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About the Center

Founded in 2005 and launched in 2009, the Center for the Humanities and the Public Sphere in the College of Liberal Arts and Sciences at the University of Florida is directed by Dr. Barbara Mennel, Associate Professor of English and German. The Center has three interrelated purposes:

  • to facilitate and promote the research programs of humanities scholars* at UF,
  • to provide an intellectual space and a physical location within the University and College of Liberal Arts and Sciences for critical and collaborative discussions of the humanities that reach across and beyond individual disciplines, and
  • to provide a place for outreach to the community in which we live and teach.

Building on the work of individual departments, the Center for the Humanities and the Public Sphere emphasizes collaboration and critical discussion as its basic program models.

The humanities allow us to explore the question: what does it mean to be human? They include efforts to understand, evaluate, and communicate human experiences, values, and aspirations to improve the human condition. Through comparative and global study, humanities scholars foster in students and communities a critical concern for civic and moral responsibility. While the humanities have traditionally flourished in the disciplines of history, philosophy, literatures, and languages, they inform every inquisitive endeavor.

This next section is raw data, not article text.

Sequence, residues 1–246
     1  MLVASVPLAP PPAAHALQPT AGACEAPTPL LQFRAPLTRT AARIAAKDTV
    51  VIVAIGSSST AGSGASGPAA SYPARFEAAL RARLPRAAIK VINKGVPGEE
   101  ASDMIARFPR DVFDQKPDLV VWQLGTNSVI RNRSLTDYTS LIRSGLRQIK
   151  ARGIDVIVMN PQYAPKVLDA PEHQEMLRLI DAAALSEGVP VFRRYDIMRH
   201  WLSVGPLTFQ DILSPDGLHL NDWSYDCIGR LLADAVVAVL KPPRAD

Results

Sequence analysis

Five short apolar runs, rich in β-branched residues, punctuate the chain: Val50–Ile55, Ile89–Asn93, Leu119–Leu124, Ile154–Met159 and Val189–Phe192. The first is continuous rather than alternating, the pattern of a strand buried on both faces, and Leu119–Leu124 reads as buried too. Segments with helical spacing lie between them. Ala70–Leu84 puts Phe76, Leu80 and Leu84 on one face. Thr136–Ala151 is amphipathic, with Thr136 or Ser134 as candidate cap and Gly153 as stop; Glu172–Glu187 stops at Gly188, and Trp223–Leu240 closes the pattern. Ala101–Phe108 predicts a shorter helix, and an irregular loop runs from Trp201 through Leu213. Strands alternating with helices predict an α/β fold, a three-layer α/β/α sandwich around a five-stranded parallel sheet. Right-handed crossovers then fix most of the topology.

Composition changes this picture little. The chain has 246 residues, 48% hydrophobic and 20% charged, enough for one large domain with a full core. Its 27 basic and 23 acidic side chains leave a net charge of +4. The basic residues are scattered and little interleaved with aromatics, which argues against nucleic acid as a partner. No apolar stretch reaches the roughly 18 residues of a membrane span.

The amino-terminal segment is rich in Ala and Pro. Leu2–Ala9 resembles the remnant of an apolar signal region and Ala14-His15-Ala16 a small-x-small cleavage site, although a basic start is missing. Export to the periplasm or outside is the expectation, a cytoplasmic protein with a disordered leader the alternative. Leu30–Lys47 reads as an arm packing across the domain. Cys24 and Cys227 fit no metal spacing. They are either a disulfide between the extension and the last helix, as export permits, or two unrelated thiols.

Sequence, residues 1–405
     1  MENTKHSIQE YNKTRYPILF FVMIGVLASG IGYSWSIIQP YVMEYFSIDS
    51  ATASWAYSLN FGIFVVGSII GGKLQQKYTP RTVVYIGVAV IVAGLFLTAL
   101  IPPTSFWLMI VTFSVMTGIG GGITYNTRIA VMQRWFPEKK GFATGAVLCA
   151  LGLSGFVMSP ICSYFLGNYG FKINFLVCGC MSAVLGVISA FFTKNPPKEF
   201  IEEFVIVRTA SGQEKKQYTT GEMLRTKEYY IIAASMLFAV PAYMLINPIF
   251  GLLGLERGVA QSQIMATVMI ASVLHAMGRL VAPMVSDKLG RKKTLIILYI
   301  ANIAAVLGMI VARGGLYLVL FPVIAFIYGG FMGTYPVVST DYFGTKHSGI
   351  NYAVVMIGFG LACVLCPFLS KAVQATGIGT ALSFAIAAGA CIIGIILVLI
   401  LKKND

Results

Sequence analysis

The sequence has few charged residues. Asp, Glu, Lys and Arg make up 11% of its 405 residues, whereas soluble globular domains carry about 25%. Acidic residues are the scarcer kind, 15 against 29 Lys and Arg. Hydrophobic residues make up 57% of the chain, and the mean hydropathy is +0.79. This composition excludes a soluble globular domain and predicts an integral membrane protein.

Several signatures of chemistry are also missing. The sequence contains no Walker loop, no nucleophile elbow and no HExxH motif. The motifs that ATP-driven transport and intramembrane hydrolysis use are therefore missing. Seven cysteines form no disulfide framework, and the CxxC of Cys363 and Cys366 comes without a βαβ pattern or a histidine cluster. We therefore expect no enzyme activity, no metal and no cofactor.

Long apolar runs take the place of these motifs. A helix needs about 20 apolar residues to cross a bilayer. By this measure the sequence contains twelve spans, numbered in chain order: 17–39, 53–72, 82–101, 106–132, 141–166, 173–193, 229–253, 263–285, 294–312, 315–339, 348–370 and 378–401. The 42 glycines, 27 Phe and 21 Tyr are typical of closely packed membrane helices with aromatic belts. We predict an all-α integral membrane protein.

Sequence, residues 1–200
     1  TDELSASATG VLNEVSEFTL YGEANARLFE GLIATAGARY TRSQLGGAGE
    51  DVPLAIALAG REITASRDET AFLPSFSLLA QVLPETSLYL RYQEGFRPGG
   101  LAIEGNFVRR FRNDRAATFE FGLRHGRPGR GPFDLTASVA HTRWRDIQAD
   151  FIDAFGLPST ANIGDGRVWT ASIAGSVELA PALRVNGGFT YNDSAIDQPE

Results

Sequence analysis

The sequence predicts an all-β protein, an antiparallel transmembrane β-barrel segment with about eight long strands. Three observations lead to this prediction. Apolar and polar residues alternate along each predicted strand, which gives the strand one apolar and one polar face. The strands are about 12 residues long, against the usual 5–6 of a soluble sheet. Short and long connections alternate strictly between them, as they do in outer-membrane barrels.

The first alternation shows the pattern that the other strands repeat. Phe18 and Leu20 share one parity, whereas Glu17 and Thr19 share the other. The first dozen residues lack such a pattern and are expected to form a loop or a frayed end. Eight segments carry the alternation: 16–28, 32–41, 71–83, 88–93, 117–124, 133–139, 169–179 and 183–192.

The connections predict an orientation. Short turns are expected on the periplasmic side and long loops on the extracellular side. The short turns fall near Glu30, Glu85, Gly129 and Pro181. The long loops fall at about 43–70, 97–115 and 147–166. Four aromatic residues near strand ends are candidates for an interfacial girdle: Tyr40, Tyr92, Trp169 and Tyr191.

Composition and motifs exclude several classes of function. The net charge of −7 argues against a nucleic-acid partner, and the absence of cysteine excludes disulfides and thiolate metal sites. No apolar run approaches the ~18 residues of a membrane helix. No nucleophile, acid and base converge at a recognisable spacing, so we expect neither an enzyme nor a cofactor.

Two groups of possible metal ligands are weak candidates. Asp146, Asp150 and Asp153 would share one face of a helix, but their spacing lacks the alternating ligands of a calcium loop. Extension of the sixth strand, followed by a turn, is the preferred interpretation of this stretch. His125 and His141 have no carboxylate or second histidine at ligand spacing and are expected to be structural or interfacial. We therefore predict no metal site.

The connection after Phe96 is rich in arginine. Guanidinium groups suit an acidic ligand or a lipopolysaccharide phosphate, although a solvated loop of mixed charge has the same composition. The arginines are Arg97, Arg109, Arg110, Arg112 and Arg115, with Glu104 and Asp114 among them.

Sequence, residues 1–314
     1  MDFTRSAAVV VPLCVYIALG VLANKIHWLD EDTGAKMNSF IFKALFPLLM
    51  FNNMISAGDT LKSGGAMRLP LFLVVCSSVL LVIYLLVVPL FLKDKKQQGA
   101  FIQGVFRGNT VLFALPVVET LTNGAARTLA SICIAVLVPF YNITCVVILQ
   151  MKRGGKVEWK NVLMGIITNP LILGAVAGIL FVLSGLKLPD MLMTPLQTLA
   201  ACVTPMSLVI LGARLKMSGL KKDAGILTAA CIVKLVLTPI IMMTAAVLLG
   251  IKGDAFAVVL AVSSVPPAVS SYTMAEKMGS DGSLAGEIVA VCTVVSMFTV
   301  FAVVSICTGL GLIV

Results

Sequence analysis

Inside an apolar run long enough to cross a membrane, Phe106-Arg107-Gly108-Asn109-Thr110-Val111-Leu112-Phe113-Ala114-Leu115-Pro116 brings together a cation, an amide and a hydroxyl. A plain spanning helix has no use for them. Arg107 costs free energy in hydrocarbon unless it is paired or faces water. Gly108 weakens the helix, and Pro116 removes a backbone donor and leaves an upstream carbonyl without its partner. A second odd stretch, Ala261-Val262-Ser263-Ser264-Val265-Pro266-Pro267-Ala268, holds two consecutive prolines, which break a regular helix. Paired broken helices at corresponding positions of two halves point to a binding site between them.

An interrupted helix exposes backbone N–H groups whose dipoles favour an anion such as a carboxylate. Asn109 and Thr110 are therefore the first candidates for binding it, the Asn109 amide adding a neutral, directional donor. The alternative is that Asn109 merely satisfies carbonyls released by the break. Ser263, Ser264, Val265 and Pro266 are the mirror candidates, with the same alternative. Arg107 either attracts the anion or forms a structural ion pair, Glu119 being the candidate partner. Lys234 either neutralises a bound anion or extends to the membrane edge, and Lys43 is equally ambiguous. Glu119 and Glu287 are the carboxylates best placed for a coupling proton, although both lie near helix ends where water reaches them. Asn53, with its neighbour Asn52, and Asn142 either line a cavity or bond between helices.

**LISTEN to National Endowment for the Humanities (NEH) Chairman Jon Parrish Peede discuss the work of the Center for the Humanities and the Public Sphere.**


*The Center uses a definition adapted from the National Foundation on the Arts and the Humanities Act of 1965 as the basis for determining the eligibility of proposed projects:

“The humanities include, but are not limited to, the following fields: history, philosophy, languages, literature, linguistics, archeology, jurisprudence, history and criticism of the arts, ethics, comparative religion, and those aspects of the social sciences employing historical or philosophical approaches. This last category includes social and cultural anthropology, sociology, political theory, international relations, and other subjects concerned with questions of value.”